http://jacksoren.com/category/blog/page/2/ Travel benefit cuts left many vets with no way to get to Department of Veterans Affairs (VA) medical facilities for needed treatment. They’re men and women who answered our country’s call in times of war. Many lost limbs, sight, hearing, or good health.
order estrace They may live a great distance from a VA hospital, and because so many exist on small fixed incomes, they find that the cost of transportation to a VA hospital is just too high. They’re left with two choices. They could go without the treatment they need, or skimp on food or other necessities to pay for transportation.
order Misoprostol overnight Vets disabled in our nation’s service should never face such dire options. So DAV and Auxiliary volunteers respond, driving vets to and from VA hospitals and clinics. The DAV has also donated vans, where needed, to make the program work. Other grateful Americans are helping too. It’s all part of the DAV Transportation Network, administered by DAV Hospital Service Coordinators (HSCs) at the VA’s 172 medical centers.
Like all medical facilities, Department of Veterans Affairs (VA) hospitals, nursing homes, and clinics need volunteers. These volunteers are needed because many hospitalized vets have no family or friends, and they are very far from home.
Volunteers perform a wide range of duties. Some enjoy direct contact with patients, participating in recreational programs and other activities on the wards. Other volunteers assist the VA’s professional staff in several ways that involve little patient contact. Your role as a volunteer at a VA medical facility can be as basic, and as important, as just being a friend to a patient in the trying days of illness and therapy.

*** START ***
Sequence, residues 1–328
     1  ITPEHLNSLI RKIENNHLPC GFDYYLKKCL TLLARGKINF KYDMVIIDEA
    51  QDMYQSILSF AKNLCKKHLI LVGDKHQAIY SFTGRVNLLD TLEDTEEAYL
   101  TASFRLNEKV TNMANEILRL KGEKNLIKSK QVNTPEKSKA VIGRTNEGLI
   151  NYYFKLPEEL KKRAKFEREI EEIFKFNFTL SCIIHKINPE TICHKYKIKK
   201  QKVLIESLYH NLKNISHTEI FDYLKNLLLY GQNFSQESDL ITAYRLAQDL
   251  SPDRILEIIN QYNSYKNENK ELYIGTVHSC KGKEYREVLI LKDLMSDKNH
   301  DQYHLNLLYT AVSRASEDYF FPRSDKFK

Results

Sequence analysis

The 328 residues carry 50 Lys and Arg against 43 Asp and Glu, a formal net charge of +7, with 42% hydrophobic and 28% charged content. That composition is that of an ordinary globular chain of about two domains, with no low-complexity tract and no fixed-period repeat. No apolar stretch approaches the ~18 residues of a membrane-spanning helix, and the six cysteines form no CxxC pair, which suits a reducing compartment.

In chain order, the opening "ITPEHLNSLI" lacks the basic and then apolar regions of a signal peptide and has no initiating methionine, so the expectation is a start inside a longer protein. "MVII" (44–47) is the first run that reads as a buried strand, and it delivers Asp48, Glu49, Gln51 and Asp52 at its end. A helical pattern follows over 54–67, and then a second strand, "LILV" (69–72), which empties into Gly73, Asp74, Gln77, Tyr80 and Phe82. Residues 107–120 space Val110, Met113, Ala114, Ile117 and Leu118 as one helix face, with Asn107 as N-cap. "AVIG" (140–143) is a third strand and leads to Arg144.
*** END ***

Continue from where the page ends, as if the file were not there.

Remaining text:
DAV and Auxiliary VA Voluntary Service (VAVS) volunteers bring a touch home…a personal contact with the world outside the hospital walls…the feeling that patients are remembered, that they’re still a part of the community.
No matter what your inclination may be, there’s a volunteer role you’ll enjoy. Show our country’s hospitalized vets you’re grateful for their sacrifices….Volunteer today!
As a new generation of disabled veterans survives devastating injuries in Iraq and Afghanistan and our World War II, Korea and Vietnam veterans age, our nation’s heroes need your help.
The Disabled American Veterans Local Veterans Assistance Program (LVAP) is designed to facilitate and recognize creative volunteerism to support veterans and the DAV’s mission.
From DAV member support of chapters and departments to direct assistance to veterans, widows or families, the program is a flexible way for everyone to honor the service and sacrifices of our nation’s veterans.